Little Fires Everywhere by Celeste Ng is currently the #1 book on the NY Times Best Sellers List, and it’s been made into a TV series streaming on Hulu plus it’s on our list of Popular Books Worth the Hype. Have you seen the show? It should be on your radar as it’s intriguing from episode to episode, and true to the spirit of the book.
I went back and forth with this book so many times – from starting it as an audiobook and then putting it down … and then picking up the hardcover … reading that for a while, and then switching back to audio. I’m glad I kept going though because I ended up loving the story and familial drama in Little Fires Everywhere – the simple yet complicated lives that could be playing out right now in any town.
In Shaker Heights, a placid, progressive suburb of Cleveland, everything is meticulously planned – from the layout of the winding roads, to the colours of the houses, to the successful lives its residents will go on to lead. And no one embodies this spirit more than Elena Richardson, whose guiding principle is playing by the rules. Mia Warren is an enigmatic artist and single mother – who arrives in this idyllic bubble with her teenage daughter Pearl, and rents a house from the Richardsons. Soon Mia and Pearl become more than just tenants: all four Richardson children are drawn to the alluring mother-daughter pair. But Mia carries with her a mysterious past, and a disregard for the rules that threatens to upend this carefully ordered community.
If You Liked Little Fires Everywhere … Then Try …
Normal People, Sally Rooney
… because of complicated friendships …
Normal People had me running through a range of emotions – many times, I didn’t think I liked it. Many times I couldn’t stop listening to the audiobook. And the characters, through depressing as hell – have stayed with me long after I finished reading. It’s the story of 2 teenagers as they go to the same high school – one popular, one not – and how they interact. Then in college, the roles are reversed. To say anymore is not necessary – that’s all you really need to know. It’s about their struggles growing up – and there’s some serious issues with family, friendships, self esteem, love and depression.
Miracle Creek, Angie Kim
… because of destructive secrets & fire …
The book opens with the trial of Elizabeth Ward, who is accused of setting fire outside a hyperbaric oxygen therapy (HBOT) chamber during a treatment session, leaving two patients dead, and others paralyzed or permanently scarred. We get the point of view from several people involved – and it’s like everyone has a secret which means any of them could have set the fire … or was it Elizabeth?!
In a small town in Virginia, a group of people know each other because they’re part of a special treatment center, a hyperbaric chamber that may cure a range of conditions from infertility to autism. But then the chamber explodes, two people die, and it’s clear the explosion wasn’t an accident. A showdown unfolds as the story moves across characters who are all maybe keeping secrets, hiding betrayals. Was it the careless mother of a patient? Was it the owners, hoping to cash in on a big insurance payment and send their daughter to college? Could it have been a protester, trying to prove the treatment isn’t safe?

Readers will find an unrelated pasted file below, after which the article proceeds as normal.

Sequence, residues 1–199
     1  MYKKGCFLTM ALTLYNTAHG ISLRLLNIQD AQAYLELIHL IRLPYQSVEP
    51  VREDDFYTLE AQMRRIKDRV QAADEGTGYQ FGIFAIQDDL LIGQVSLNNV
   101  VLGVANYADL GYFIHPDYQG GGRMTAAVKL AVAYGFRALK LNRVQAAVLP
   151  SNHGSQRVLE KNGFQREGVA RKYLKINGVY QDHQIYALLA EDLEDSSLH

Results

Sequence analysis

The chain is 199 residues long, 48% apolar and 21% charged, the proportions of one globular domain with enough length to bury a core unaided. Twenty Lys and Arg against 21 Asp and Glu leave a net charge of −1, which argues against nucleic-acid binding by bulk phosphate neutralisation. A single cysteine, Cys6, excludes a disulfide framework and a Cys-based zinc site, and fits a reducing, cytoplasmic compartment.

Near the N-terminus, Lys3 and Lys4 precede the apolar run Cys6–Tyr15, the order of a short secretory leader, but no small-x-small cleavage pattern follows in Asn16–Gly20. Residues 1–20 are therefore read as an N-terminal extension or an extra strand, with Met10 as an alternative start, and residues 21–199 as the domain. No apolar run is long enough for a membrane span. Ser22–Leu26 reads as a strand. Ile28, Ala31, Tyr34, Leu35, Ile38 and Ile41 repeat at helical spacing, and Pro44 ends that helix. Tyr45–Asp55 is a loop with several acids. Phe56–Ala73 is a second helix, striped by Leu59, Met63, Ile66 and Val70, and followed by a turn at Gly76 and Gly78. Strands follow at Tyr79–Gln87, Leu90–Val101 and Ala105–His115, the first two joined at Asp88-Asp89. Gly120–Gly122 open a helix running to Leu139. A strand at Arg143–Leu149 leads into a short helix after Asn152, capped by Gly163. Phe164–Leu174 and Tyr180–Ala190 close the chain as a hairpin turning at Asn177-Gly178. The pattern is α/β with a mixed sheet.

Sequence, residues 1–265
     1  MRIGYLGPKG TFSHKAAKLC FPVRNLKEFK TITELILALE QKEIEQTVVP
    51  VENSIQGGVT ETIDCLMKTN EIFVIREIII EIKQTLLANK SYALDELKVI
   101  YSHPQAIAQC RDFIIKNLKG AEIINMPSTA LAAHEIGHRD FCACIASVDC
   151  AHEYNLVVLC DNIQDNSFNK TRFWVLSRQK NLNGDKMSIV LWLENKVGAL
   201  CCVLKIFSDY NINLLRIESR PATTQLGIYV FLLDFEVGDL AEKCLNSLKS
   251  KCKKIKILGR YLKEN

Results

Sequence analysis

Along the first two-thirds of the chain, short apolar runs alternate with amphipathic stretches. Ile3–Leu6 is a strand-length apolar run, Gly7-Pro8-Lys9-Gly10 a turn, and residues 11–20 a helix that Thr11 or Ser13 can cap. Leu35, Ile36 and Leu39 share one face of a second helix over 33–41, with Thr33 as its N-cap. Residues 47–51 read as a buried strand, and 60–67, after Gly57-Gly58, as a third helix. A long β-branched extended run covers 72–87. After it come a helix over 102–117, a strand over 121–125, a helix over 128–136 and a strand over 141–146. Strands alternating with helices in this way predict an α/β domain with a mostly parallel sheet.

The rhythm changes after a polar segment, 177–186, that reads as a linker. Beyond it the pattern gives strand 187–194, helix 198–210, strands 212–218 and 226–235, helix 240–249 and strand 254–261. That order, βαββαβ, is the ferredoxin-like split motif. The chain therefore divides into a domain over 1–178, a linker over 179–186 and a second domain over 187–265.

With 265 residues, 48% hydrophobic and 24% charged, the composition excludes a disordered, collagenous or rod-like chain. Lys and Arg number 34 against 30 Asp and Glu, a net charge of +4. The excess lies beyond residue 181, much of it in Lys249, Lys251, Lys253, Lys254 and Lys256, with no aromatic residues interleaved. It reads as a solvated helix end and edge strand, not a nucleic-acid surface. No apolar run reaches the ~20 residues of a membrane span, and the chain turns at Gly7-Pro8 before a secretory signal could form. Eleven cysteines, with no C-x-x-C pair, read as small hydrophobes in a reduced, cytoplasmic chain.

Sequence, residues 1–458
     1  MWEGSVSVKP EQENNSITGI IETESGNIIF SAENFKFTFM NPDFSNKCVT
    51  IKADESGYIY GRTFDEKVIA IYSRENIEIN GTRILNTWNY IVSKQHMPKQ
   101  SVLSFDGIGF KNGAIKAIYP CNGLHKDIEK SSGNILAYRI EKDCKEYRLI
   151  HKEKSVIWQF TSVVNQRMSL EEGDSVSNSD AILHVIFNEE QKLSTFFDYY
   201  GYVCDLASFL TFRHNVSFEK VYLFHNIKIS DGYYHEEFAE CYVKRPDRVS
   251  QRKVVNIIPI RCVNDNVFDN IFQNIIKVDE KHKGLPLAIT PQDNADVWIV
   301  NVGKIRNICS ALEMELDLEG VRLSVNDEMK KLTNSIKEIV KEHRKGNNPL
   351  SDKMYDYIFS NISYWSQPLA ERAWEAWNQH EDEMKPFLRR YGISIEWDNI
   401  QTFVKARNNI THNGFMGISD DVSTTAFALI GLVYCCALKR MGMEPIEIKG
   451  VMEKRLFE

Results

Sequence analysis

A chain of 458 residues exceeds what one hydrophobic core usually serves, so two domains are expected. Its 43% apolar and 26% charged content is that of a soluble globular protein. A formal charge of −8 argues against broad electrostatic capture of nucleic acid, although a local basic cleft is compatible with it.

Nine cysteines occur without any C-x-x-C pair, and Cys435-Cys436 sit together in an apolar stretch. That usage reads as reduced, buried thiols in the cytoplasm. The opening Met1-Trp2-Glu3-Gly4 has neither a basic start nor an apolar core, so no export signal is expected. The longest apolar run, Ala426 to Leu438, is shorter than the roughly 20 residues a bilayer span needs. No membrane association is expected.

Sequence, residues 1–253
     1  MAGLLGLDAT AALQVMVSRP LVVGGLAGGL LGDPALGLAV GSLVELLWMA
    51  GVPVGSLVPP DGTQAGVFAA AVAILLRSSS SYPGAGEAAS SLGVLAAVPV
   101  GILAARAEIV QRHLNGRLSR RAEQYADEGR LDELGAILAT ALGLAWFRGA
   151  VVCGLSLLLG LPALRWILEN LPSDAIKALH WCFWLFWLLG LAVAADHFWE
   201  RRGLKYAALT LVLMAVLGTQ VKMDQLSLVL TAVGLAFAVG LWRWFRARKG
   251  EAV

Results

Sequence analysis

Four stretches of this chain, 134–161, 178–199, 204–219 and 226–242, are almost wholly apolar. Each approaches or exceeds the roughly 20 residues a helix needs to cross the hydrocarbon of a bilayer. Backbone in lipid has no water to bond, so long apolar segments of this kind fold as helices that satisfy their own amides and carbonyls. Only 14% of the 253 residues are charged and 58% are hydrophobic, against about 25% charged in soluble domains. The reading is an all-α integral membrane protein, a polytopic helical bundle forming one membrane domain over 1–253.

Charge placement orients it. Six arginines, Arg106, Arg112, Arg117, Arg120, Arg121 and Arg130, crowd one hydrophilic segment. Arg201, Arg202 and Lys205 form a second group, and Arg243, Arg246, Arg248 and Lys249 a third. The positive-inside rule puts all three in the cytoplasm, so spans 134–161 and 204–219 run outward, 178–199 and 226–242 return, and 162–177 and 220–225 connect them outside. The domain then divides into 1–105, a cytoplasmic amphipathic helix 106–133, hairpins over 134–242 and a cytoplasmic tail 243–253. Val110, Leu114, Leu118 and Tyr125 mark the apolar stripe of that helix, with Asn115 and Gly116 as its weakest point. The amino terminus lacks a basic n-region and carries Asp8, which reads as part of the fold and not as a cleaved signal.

The Couple Next Door, Shari Lapena
… because of secrets …
Every character in the book has something to hide! Get ready for a fast paced, quick, twisty, dramatic novel where many of the characters are quite un-likeable! Nobody is telling the full story and you’ll suspect everyone of something.
Anne and Marco Conti seem to have it all–a loving relationship, a wonderful home, and their beautiful baby, Cora. But one night when they are at a dinner party next door, a terrible crime is committed – baby Cora is kidnapped.
Big Little Lies, Liane Moriarty
… perfect lives …
Big Little Lies seemed like it would be a light, airy take on simple humdrum housewifery, but it went deeper and also takes a look at underlying insecurities that exist with trying to appear perfect life, the perfect kids and be the perfect family. It hits on many complex subjects such as bullying, betrayal, abuse and classism but with a slew of likeable, whimsical characters that lightened the heavy subjects, making it an enjoyable and at times funny but real, and emotionally moving book.
Madeline is a force to be reckoned with. She’s funny, biting, and passionate; she remembers everything and forgives no one. Celeste is the kind of beautiful woman who makes the world stop and stare but she is paying a price for the illusion of perfection. New to town, single mom Jane is so young that another mother mistakes her for a nanny. She comes with a mysterious past and a sadness beyond her years. These three women are at different crossroads, but they will all wind up in the same shocking place.
The Nest, Cynthia D’Aprix Sweeney
… family drama …
Every family has its problems. But even among the most troubled, the Plumb family stands out as spectacularly dysfunctional. Years of simmering tensions finally reach a breaking point on an unseasonably cold afternoon in New York City as Melody, Beatrice, and Jack Plumb gather to confront their charismatic and reckless older brother, Leo, freshly released from rehab.
The Plumbs come off as quite ridiculous people at first – selfish, greedy, and a little unfeeling. It’s told from the point of view of each of the four adult siblings fighting over an inheritance, aka the Nest. We hear from each of the characters why they need it, and why they like – or don’t like – their other siblings. It’s a fascinating character driven novel and although the pace is uneven, stick with it and you will become emotionally invested in the Plumb family.
Have you read any of these books? Have you seen any of the tv series based on the books Little Fires Everywhere are Big Little Lies?
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